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Sunday, 15 May 2011

Passing from hand



Passing the rugby ball from one player to another by hand is a fundamental skill in rugby union. No matter if the player is the biggest forward on the pitch or the smallest back at some stage in their playing career, they will be required to pass the ball from hand, to another player on their team. In rugby union the playing of a forward pass from hand is not allowed. A forward pass means playing a pass from hand that goes closer to the oppositions try line than from where the pass was given.The exception is when the player plays a legitimate pass but when it hits the ground it goes forward. This is not deemed a forward pass. If the referee deems a player plays a forward pass it results in a scrum to the opposing team.

A player chooses to pass the ball for a number of reasons. The ball-carrying options in front of them might be blocked, they may have become isolated, they may see a gap available for another player or it might be part of a rehearsed move looking to unlocked the oppositions defence. There are a few different types of passing from the hand, below is a list of the main ones.

Lob Pass
A lob pass is given when the player passing the ball only wants it to go a short distance to one of his team-mates. It is the pass of choice when play is happening among the forwards close to the ruck. If this pass was to be performed in open field there would be a high chance of the other team intercepting the ball.  

Spiral Pass 
Similar to the spiral pass in American Football, the spiral pass in rugby makes the ball go straighter and faster from the player passing the ball to the receiver of the pass. This pass is preformed mainly when the player receiving the ball is a good distance away from the player giving the pass.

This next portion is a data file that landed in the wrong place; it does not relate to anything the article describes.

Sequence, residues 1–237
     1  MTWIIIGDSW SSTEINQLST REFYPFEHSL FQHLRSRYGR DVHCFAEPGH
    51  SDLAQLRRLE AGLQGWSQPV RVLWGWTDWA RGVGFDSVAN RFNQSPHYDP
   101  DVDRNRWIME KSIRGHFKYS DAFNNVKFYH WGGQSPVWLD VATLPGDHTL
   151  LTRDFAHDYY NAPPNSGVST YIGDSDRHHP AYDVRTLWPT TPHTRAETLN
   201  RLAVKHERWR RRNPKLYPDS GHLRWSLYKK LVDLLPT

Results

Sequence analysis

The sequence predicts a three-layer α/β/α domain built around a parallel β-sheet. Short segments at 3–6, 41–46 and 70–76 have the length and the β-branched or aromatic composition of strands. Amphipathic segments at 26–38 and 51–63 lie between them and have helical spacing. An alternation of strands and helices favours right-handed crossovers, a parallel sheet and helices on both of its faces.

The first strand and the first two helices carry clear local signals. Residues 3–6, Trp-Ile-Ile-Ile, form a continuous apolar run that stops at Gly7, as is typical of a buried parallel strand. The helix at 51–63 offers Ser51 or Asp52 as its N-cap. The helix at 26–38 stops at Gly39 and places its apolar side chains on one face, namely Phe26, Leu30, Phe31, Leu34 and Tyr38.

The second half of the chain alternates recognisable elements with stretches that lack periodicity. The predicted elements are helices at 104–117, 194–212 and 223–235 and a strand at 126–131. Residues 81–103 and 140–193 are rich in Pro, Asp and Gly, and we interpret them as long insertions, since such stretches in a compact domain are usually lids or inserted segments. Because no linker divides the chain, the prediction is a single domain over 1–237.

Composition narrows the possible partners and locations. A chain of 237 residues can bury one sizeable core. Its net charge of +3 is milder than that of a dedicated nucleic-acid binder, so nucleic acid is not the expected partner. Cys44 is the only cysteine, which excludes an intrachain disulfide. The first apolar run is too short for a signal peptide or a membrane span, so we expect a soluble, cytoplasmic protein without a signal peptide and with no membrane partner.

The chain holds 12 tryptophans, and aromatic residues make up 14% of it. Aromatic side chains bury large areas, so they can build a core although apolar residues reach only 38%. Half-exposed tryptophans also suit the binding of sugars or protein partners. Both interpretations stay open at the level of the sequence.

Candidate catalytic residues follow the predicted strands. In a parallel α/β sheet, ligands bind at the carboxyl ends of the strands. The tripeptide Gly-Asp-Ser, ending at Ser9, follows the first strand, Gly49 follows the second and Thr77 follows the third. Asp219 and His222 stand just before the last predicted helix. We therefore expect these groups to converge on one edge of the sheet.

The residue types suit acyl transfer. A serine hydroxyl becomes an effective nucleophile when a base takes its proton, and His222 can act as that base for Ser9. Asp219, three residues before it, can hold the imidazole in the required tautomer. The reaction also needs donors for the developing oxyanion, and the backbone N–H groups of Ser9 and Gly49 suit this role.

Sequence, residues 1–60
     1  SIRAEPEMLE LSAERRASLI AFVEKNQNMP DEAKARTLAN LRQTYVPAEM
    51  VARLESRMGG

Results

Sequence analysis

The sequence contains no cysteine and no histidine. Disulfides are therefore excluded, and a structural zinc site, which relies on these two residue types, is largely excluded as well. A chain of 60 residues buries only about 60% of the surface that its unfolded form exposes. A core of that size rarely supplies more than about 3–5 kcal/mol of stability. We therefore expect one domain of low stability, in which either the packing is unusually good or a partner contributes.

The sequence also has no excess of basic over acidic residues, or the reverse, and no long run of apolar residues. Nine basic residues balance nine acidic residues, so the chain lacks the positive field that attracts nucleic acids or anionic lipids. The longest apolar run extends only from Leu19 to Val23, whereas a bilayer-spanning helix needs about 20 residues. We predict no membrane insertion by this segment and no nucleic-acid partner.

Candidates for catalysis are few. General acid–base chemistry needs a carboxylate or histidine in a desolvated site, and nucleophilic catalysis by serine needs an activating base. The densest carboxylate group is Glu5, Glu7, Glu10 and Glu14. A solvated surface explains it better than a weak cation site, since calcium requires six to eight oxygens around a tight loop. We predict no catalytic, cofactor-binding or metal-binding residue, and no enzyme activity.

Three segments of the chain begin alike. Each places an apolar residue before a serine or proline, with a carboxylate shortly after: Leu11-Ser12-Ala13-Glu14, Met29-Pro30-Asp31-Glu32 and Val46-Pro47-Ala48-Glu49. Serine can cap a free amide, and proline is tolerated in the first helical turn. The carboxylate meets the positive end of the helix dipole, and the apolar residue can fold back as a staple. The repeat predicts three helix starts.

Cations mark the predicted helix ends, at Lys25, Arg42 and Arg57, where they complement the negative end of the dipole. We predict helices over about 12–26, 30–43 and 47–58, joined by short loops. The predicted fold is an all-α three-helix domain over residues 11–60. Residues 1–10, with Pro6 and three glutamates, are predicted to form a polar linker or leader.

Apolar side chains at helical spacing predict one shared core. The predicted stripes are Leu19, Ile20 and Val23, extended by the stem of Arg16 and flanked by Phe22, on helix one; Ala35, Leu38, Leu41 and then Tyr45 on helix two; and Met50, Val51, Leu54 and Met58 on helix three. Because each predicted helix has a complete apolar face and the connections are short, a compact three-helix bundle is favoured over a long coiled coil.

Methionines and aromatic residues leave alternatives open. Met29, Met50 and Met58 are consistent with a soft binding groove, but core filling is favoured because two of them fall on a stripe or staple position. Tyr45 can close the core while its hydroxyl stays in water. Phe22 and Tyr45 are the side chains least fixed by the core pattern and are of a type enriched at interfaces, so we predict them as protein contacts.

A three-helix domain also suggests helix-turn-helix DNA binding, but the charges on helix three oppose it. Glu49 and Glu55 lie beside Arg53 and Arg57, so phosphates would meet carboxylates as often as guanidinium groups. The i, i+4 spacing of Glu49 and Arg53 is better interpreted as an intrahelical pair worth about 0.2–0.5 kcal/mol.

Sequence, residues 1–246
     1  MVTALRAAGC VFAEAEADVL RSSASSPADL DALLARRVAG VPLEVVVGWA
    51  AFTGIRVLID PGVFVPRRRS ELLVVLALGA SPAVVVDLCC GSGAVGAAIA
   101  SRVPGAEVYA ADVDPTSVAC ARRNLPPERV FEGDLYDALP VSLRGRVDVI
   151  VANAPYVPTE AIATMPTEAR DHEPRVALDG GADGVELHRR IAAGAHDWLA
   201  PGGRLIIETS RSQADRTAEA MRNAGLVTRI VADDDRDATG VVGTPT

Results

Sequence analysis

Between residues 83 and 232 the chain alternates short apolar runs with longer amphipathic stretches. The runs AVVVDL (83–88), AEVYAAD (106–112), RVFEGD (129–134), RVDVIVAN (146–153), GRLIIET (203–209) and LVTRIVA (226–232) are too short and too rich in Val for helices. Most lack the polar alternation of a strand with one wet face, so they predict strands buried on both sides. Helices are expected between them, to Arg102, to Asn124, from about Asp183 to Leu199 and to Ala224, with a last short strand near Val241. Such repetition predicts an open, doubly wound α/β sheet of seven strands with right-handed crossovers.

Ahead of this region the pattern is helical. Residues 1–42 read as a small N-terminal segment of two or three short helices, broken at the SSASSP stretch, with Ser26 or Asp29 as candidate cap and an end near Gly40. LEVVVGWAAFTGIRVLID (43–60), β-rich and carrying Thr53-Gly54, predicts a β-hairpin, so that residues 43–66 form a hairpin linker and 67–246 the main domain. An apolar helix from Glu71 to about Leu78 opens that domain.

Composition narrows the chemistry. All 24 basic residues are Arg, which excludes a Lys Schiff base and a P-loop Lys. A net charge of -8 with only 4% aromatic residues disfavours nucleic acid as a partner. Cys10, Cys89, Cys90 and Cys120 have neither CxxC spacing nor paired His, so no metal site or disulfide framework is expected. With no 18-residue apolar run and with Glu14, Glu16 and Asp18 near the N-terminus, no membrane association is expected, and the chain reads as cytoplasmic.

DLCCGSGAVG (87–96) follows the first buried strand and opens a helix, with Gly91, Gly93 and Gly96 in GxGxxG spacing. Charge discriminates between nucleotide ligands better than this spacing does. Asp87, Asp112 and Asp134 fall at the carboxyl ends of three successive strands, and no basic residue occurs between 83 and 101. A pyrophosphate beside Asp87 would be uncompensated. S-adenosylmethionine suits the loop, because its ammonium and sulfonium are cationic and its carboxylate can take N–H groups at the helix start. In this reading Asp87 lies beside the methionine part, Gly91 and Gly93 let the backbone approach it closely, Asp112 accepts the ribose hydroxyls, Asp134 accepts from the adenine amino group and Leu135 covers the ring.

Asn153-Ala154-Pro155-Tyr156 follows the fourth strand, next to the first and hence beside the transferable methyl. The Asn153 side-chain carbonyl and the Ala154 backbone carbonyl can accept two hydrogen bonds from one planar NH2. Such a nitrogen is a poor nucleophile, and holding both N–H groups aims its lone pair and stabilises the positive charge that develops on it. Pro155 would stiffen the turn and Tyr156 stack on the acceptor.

Lateral Pass
A lateral or flat pass is a pass that is brings the receiver right up to the gain-line. It is not a forward or backwards pass but one that is parallel with the try-line. It is usually a spiral pass and is given when the receiver spots a gap in the oppositions defence to go through. 

Skip Pass
The skip pass is performed when a player wants to skip the nearest receiver and pass to a team-mate further in open-field. This is done by giving a flat spiral pass beyond the reach of the nearest receiver to a player further away. This pass is performed when the player nearest the ball-carrier is not the best option to receive the ball. There however is a greater risk that a skipped pass will be intercepted as its in the air for a longer period than a pass to the nearest receiver.

Offloading in the tackle
An offload is undertaken when the ball-carrier is in the process of being tackled. They give a pass to a team-mate to keep the ball moving and the team going forward. It also prevents the other team competing for the ball at ruck time.

Reverse/Switch pass
The reverse pass is given when the ball-carrier wants to pass it to a player who is running at an angel that is opposite to the direction the play is going, reversing the direction the team is attacking from. Example if the team was attacking by passing the ball right, the ball carrier would pass the ball to a receiver running left.

Flip Pass
A flip pass is performed pass the ball in one hand in a flipping motion. It can be done to surprise the defence or to speed up the process of passing the ball to a player in close proximity. The picture below is an example of a flip pass just about to be executed. 



To learn more about the rules and gameplay rugby union, click one of the links below:

Ruby Union Gameplay and Rules

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